What GAO Found

Federal agencies are undertaking information technology (IT) acquisitions that are essential to their missions. GAO identified 16 of these acquisitions as particularly critical to missions ranging from national security, to public health, to the economy (see table). GAO has previously reported on these acquisitions and the programs they support, and has made numerous recommendations to agencies for improvement.

The amount agencies expect to spend on the selected acquisitions vary greatly depending on their scope and complexity, as well as the extent of transformation and modernization that agencies envision once the acquisitions are fully deployed. For example, the Department of Defense plans to spend $10.21 billion over 21 years on its health care modernization initiative, while the Department of Homeland Security intends to spend $3.19 billion over 30 years on its system supporting immigration benefits processing. Agencies reported potential cost savings associated with 13 of the 16 mission-critical acquisitions after deployment due to factors such as shutting down legacy systems, eliminating physical paper processing, and improving security, monitoring, and management.

Eleven of the 16 selected acquisitions were rebaselined during their development, meaning that the project’s cost, schedule, or performance goals were modified to reflect new circumstances. Agencies reported a number of reasons as to why their acquisitions were rebaselined, including delays in defining the cost, schedule, and scope; budget cuts and hiring freezes; technical challenges; and changes in development approach.

As shown below, ten of the acquisitions relate to an additional programmatic area that GAO has designated high risk.

Federal Agency Mission-Critical Information Technology Acquisitions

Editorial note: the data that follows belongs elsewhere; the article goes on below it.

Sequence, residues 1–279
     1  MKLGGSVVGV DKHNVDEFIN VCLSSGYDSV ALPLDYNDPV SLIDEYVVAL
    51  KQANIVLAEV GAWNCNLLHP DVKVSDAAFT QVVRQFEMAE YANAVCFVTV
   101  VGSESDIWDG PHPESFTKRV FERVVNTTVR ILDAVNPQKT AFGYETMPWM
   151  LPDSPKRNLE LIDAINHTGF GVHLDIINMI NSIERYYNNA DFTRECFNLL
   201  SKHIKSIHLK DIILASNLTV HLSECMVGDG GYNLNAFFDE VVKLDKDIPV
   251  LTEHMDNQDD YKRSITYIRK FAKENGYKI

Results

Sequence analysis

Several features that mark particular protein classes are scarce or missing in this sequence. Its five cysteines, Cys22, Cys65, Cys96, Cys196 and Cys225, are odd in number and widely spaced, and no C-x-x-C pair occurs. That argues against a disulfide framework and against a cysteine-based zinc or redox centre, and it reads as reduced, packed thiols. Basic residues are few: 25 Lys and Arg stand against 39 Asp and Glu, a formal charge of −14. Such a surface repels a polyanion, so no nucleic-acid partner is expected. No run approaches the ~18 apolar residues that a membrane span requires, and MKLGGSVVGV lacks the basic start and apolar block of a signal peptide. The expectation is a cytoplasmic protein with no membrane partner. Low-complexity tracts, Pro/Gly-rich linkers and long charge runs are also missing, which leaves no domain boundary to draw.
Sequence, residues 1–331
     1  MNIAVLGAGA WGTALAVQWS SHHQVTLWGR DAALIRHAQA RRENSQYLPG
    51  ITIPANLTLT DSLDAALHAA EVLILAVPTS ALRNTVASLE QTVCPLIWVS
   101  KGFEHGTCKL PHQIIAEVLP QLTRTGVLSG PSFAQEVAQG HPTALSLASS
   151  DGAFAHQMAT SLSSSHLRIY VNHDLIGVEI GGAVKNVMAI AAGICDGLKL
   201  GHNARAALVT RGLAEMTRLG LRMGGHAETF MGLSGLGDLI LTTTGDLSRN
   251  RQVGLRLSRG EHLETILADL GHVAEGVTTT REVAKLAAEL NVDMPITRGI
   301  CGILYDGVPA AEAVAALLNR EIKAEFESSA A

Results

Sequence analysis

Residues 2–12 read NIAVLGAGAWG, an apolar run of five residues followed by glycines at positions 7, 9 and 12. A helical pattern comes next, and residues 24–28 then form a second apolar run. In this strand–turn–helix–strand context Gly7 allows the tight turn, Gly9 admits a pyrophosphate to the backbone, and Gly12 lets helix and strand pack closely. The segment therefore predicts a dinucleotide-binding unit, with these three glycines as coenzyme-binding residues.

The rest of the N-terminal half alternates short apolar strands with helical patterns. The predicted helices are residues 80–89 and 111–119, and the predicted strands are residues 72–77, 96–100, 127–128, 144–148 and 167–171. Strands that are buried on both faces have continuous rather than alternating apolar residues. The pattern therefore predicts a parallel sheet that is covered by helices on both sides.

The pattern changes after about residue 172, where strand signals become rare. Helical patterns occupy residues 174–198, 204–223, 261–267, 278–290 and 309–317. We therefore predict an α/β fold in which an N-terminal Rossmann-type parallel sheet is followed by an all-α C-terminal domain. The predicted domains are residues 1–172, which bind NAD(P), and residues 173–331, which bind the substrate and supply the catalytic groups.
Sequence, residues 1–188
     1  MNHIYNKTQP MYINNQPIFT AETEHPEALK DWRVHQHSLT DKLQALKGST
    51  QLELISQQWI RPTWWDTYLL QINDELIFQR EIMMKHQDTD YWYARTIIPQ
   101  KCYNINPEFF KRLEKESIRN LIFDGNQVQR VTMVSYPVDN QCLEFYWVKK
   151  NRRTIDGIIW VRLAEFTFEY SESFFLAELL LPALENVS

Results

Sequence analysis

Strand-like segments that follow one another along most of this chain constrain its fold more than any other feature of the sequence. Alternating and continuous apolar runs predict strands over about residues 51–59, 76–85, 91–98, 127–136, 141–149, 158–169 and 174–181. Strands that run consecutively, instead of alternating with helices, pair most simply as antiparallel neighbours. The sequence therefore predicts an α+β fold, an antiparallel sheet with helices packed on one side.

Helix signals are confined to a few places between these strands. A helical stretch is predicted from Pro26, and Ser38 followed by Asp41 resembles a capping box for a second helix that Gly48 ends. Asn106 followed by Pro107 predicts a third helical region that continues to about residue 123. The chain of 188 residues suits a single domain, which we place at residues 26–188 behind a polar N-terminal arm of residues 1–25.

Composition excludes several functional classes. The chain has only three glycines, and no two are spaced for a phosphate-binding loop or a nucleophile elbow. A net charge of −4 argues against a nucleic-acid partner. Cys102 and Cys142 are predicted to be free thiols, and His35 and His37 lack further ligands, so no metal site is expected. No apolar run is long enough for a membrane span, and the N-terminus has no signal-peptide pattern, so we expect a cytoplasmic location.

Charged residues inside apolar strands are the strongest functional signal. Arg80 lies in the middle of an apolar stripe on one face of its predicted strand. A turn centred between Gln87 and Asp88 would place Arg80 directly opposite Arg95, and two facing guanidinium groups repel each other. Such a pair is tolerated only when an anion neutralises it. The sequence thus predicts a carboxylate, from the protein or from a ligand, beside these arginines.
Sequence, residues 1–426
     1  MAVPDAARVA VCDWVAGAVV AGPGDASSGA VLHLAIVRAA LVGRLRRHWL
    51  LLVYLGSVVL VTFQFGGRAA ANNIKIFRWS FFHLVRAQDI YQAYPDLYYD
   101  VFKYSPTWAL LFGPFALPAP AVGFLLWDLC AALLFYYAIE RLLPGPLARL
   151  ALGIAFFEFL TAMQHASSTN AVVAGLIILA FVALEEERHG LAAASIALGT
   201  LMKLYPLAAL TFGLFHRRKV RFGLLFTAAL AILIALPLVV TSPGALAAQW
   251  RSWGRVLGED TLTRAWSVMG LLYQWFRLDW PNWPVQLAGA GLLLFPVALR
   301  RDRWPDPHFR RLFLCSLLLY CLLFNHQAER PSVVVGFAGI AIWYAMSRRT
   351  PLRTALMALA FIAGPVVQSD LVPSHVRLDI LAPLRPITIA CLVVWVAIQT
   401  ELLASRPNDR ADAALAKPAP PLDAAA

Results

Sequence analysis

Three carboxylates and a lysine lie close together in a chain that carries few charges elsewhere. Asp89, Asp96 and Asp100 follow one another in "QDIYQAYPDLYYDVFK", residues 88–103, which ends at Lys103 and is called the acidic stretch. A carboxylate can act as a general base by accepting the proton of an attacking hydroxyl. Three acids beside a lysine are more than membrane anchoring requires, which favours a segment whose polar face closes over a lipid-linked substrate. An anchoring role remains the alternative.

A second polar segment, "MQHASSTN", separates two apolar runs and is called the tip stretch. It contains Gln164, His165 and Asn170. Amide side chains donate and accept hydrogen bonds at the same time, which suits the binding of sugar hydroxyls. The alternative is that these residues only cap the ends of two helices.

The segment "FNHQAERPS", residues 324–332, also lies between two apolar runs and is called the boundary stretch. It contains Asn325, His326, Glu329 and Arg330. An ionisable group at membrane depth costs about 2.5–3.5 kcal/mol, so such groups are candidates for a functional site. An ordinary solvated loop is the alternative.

Department of Agriculture

Modernize and Innovate the Delivery of Agricultural Systems

Department of Commerce

2020 Decennial Census*

Department of Defense

Defense Healthcare Management System Modernization*

Global Combat Support System-Army*

Department of Homeland Security

Student and Exchange Visitor Information System Modernization*

U.S. Citizenship and Immigration Services Transformation*

Department of the Interior

Automated Fluid Minerals Support System II*

Department of Justice

Next Generation Identification System

Terrorist Screening System

Department of State

Consular System Modernization

Department of Transportation

Automatic Dependent Surveillance-Broadcast

Department of the Treasury

Customer Account Data Engine 2*

Integrated Enterprise Portal*

Department of Veterans Affairs

Electronic Health Record Modernization*

Small Business Administration

Application Standard Investment

Social Security Administration

Disability Case Processing System 2*

Legend: *= Acquisition relates to a programmatic area that GAO has previously designated as being high risk.

Source: GAO analysis of agency data. | GAO-20-249SP

Why GAO Did This Study

The acquisition of IT systems has presented challenges to federal agencies. Accordingly, in 2015 GAO identified the management of IT acquisitions and operations as a high-risk area, a designation it retains today.

GAO was asked to report on federal IT acquisitions. GAO’s specific objective was to identify essential mission-critical IT acquisitions across the federal government and determine their key attributes.